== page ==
Social Media is a platform that allows for dialogue and a way to encourage user to user conversations. This is something the best examples of companies using social media have figured out. I think the point Mark should be making is that if you haven’t figured out how to both have and also generate conversations online then you shouldn’t be creating those facebook pages and twitter accounts in the first place. Think it through first and understand why you should be there. What is the benefit to the user?

There are plenty of companies who you would either  expect to stay away from social media or who you might think do not need to even be there but take a look:

  1. Domino’s Pizza UK has approx 30k people on their Facebook page and regularly getting feedback from their customers – how much would this information have cost in the past? Mark talks about how small the numbers are in social media but in reality these are either your most loyal brand advocates (and who will help with those user conversations) or transient dissatisfied customers who you should be listening to anyway. Both are a valuable commodity to a marketer.
  2. Shipserve are leaders in the online marine supplies & online marine chandlery business. Why on earth would people want to be involved in a LinkedIn group around this particular niche. They are.
  3. Starbucks has been a bit of a poster child of social media advocates. The Next Web really tells the story well enough. Read it here. I still cannot figure out why someone would want to be a fan of a coffee shop but then I am not a coffee nut 😉
  4. Finally a good example of adapting Social Media to work for a bank is First Direct’s Live campaign. See it in action here. It is an almost real-time view of what people are saying about First Direct on the web. At the time of writing 77% of people are saying positive things – I am not sure any of the other banks would be so willing to try this campaign!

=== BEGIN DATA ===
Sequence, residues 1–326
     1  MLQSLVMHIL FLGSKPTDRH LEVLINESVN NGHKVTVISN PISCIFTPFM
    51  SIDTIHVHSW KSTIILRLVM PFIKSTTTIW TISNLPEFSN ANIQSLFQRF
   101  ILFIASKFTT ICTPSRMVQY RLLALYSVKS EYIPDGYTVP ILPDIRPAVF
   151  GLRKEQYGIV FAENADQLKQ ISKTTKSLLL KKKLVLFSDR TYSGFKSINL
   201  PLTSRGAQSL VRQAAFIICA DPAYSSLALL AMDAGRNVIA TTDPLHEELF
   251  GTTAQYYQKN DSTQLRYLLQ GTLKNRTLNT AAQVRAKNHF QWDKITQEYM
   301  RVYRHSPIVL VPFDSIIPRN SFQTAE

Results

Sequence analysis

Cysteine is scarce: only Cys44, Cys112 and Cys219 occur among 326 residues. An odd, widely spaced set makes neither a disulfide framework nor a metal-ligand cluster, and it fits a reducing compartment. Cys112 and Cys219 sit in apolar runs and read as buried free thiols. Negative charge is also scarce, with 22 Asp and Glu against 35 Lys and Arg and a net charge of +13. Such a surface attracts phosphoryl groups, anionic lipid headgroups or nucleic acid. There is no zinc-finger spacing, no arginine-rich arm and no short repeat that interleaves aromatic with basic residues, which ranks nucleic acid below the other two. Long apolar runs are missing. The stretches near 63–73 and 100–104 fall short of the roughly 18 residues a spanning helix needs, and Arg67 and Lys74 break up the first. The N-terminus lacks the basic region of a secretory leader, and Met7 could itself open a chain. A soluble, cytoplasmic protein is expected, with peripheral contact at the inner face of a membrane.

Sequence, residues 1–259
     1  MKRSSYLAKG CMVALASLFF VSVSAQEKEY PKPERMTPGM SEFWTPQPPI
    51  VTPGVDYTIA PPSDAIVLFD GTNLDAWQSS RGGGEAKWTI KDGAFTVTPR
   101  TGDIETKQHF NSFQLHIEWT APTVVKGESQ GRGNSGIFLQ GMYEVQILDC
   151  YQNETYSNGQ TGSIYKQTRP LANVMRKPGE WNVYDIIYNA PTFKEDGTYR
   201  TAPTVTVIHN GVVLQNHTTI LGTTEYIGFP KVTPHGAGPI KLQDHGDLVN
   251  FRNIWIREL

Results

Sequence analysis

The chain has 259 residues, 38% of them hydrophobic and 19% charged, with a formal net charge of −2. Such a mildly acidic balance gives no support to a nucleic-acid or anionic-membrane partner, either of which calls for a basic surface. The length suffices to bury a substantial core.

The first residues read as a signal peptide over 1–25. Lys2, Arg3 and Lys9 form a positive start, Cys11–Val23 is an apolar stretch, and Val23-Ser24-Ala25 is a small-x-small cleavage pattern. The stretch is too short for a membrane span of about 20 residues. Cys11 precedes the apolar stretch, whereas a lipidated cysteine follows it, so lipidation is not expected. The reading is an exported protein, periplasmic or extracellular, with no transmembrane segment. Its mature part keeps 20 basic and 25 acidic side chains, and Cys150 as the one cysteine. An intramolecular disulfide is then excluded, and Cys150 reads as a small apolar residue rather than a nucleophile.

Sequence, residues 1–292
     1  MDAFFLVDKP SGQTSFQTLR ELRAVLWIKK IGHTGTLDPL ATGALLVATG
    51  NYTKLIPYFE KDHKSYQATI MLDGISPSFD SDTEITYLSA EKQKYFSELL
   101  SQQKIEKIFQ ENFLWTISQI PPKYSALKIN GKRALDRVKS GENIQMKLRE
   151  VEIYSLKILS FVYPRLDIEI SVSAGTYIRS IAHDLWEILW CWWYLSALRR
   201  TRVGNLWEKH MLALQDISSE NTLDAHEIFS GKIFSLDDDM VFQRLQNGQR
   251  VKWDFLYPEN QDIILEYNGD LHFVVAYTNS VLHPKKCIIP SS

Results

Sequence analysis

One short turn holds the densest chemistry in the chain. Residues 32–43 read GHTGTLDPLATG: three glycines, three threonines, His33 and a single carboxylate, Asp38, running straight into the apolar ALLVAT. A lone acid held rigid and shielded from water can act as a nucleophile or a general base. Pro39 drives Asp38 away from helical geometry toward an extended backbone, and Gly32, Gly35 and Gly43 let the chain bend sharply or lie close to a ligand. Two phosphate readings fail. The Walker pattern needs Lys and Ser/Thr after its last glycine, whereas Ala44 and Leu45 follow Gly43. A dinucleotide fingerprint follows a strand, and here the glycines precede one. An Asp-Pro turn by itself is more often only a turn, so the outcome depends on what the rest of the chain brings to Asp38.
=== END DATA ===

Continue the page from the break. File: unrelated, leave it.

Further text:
You need to have good service capabilities to succeed in social media.

What this all boils down to is if you’re just starting out or thinking you need a social media programme, plan and/or experiment in smaller niche areas (if possible). Social Media is not good for campaigns only. Be prepared for the fall out if you don’t have a plan in place for the negative comments you are going to receive and be prepared for an even worse outcome in social media.. silence.

Social media should not be taking up a major part of a everyone’s marketing plan by default today but that doesn’t mean it is not an important part of the mix. Of course for some companies it could well be the entirety of their marketing budget – it all depends on a company’s specific needs. The important thing to figure out is where your company sits in that spectrum.

Wherever you sit today, I would expect budgets to grow year on year for pretty much all companies as consumers and businesses identify the best companies for their needs more quickly through the use of social media tools.

To be silent in social media is a death knell for companies.

image source: elycefeliz